His organization and the Ontario Council of Agencies Serving Immigrants wrote last month to Federal Immigration Minister Sean Fraser calling on him to allow settlement agencies to use federal funds to support Ukrainian newcomers' housing costs.
Michalchyshyn says his organization has also been pushing for income support for Ukrainian newcomers.
A spokeswoman for Fraser says the federal government has a program that provides Ukrainian newcomers with one-time financial assistance of $3,000 per adult and $1,500 per child.
"These funds will help Ukrainian nationals and their family members meet their basic needs—such as transportation and longer-term housing—as they arrive in communities across Canada and find a job," Aidan Strickland wrote in a statement.
"We recognize that major urban centres across Canada are currently facing difficulties in securing temporary accommodations this summer, as well as housing challenges from both an affordability and an availability standpoint."
Janet Dench, the executive director of the Canadian Council for Refugees says the special program for Ukrainians has the advantage of being open to an unlimited number of people but doesn't come with the support government-sponsored refugees typically receive.
"From a policy perspective, it has the advantages of being really quick and being open," she says in an interview.
"(Ukrainian) people may be 'okay, well, we'll come to Canada and we'll be able to have all of our needs met,' but they weren't necessarily informed or realizing that all they were getting is a work permit and a visitor visa. They're not getting a whole system of support."
Michalchyshyn, of the Ukrainian Canadian Congress, says the housing situation for Ukrainian newcomers is more challenging in Ontario than other provinces. The average monthly rental price for a one-bedroom apartment in Toronto was $2,133 in June, data from Rentals.ca showed, compared to $1,538 in Montreal and $1,669 in Halifax.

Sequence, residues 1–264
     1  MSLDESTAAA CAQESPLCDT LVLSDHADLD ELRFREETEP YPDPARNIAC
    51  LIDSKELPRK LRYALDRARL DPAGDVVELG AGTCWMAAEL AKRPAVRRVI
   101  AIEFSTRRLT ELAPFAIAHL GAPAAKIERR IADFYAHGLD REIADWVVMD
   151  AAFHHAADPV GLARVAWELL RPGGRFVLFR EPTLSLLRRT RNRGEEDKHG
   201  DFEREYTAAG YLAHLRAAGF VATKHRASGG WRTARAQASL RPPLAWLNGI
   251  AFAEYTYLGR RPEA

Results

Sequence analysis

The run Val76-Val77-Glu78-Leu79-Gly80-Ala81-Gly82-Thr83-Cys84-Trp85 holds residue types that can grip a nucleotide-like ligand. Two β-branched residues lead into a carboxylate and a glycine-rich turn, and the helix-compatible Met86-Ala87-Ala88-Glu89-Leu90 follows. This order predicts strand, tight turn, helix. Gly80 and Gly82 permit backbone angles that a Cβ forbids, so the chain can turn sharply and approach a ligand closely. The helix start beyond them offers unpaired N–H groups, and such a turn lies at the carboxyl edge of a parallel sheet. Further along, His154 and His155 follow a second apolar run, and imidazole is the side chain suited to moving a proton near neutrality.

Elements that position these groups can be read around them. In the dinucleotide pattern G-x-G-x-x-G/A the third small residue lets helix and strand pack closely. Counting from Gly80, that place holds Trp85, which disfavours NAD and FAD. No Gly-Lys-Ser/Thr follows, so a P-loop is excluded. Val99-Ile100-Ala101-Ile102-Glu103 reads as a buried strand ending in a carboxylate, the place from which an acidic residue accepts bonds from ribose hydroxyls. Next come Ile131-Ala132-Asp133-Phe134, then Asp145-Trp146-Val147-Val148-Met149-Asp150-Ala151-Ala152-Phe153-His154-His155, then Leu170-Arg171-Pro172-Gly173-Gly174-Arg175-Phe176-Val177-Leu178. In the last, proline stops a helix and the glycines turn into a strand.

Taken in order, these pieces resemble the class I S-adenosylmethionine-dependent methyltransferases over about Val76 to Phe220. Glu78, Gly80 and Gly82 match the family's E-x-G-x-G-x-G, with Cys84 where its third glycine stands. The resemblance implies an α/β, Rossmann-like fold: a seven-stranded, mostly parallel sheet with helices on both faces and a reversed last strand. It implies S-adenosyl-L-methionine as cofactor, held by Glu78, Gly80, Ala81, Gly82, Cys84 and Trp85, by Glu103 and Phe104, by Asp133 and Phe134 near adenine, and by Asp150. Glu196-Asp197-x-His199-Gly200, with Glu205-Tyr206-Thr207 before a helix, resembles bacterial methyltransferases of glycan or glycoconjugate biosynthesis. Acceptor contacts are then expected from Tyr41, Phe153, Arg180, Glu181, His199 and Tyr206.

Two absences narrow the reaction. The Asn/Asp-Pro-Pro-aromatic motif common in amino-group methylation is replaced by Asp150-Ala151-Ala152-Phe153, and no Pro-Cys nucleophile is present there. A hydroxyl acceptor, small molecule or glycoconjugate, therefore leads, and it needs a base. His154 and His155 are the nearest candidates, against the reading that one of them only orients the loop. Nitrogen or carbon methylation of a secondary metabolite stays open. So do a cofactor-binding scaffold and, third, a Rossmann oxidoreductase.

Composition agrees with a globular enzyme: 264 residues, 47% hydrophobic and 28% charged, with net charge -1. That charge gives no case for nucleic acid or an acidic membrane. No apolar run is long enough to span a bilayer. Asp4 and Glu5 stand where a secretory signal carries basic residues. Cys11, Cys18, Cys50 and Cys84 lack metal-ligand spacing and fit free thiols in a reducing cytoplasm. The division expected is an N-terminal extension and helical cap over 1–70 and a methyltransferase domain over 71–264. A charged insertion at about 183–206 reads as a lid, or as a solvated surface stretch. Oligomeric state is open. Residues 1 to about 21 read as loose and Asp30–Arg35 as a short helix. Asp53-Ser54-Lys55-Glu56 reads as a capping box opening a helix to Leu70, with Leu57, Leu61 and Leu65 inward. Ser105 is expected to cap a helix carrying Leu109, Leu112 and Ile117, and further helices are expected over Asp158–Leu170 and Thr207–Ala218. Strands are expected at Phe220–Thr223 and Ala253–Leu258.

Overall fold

"Probably more than 60 per cent of (Ukrainian) people in Canada are arriving in Toronto, to the GTA, and then ... struggling to find housing of any kind," he says.
Ukrainian community groups, including churches and community agencies and organizations, are trying to find host families, empty apartments and emergency shelter spaces, he says.
"There's just a very high demand and very low availability," he says.
Ontario Labour Minister Monte McNaughton, who's responsible for immigration, says his department is working with other government departments and municipalities to support those Ukrainians.
"Certainly, it's a challenge," he says in an interview.
"We're working with our municipal partners ... to identify the housing inventory so these people have safe shelter and a safe place here in Ontario."
According to the federal government, 55,488 Ukrainians arrived in Canada between Jan. 1 and June 26.
The government says it received 343,283 applications under the new program for Ukrainians between March 17 and June 28, and 146,461 were approved.
- with files from Holly McKenzie-Sutter.
This report by The Canadian Press was first published July 10, 2022.
Maan Alhmidi, The Canadian Press